The use of naturally occurring plant-based products has shown promising results in the treatment of cancer. One renowned example is the use of taxol, a plant-based bioactive compound used in cancer chemotherapy [14]. Due to the complexity of cancer, novel bioactive compounds with multitargeting efficacy are the need of the hour. We tried to evaluate the anticancer potential of a traditional plant, used as a medicine in India and most parts of Southeast Asia, called Sesbania grandiflora. Our present findings demonstrate that the methanolic fraction of S. grandiflora has potent anticancer activity against human lung cancer cells and comparable activity in few other cancer cell models while significant cytotoxicity was not observed in the normal cells. One possible reason could be the plant’s modulatory effect on apoptosis, which is usually blocked in cancer cells, thereby promoting cell death faster compared to that of normal cells.

Evaluation of apoptosis is crucial to differentiate it from necrosis. Nuclear fragmentation is one of the characteristic features of apoptotic mode of cell death. We used DAPI, a fluorescent DNA-binding agent, and acridine orange/ethidium bromide staining to observe cell death and cellular morphological changes involved in apoptosis [15]. The treatment group showed fragmented apoptotic bodies, shrunken and marginated nuclei in contrast to the normal and large nucleus in the untreated cells, proving the apoptotic potential of the extract. Decrease in mitochondrial membrane potential usually indicates apoptosis and helps to distinguish the mode of cell death from necrosis [16]. Our findings confirmed the decrease in the mitochondrial membrane potential as evidenced from the decreased rhodamine 123 fluorescence intensity when A549 cells were treated with the IC50 dose of S. grandiflora.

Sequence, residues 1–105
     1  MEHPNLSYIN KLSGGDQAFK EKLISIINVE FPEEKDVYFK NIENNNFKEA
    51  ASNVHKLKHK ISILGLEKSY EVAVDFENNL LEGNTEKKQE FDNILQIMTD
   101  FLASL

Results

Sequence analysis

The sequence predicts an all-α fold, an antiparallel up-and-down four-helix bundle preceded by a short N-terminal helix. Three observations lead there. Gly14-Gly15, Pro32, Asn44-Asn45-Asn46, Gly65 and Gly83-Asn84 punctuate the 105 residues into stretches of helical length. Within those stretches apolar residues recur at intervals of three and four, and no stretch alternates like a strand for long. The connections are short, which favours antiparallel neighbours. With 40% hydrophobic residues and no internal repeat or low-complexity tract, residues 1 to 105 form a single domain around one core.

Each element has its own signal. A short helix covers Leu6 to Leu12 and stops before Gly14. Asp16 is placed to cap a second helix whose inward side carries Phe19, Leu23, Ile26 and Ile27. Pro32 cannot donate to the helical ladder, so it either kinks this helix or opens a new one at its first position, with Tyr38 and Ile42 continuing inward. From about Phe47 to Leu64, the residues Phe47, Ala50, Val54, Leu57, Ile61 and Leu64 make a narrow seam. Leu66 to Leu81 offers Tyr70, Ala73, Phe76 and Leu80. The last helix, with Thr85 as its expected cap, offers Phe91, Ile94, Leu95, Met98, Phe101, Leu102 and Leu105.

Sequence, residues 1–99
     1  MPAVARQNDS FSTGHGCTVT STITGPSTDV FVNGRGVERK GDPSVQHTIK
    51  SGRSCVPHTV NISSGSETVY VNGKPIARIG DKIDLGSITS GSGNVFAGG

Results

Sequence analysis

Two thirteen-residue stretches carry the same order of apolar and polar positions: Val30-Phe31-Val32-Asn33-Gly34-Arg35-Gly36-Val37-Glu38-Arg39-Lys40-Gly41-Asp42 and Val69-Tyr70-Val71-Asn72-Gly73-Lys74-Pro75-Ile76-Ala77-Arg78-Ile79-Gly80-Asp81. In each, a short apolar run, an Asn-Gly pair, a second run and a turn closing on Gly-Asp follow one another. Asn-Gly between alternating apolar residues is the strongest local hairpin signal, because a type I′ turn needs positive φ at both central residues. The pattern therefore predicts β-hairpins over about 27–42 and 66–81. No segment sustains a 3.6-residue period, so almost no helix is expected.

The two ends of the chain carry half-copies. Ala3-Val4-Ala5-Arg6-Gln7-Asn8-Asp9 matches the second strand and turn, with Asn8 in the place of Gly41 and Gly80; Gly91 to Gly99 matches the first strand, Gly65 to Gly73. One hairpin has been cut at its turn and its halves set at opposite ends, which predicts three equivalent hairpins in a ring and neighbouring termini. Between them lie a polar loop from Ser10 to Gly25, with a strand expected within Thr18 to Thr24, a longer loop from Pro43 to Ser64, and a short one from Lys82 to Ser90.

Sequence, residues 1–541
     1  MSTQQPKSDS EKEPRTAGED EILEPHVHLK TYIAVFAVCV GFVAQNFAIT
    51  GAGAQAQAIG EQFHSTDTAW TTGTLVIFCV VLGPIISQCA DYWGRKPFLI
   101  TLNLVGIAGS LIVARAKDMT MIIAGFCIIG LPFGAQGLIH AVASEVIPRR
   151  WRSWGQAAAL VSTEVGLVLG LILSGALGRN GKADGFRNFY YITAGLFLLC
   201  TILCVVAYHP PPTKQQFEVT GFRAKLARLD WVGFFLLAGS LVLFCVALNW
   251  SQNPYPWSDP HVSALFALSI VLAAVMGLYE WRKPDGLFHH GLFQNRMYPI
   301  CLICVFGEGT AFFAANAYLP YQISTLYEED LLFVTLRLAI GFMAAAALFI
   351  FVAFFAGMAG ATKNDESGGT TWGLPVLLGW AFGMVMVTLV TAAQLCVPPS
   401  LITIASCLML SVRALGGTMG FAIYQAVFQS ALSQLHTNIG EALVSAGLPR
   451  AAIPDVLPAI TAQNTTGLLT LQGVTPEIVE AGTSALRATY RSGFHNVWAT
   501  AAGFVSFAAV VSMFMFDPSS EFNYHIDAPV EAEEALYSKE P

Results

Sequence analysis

DNA laddering is one of the hallmark indications that helps in the differentiation of apoptosis from necrosis [17, 18]. In the treatment group of our present study, the presence of the laddering pattern of DNA fragments and the absence of the necrotic streak further confirm apoptosis. DNA laddering occurs through caspase-activated DNases (CAD) which is activated by caspases. In order to confirm the involvement of caspases in our study, we evaluated the protein expression levels of caspase 3, the common caspase for most of the death signals. As predicted, there was a dose-dependent increase in the levels of active caspase 3.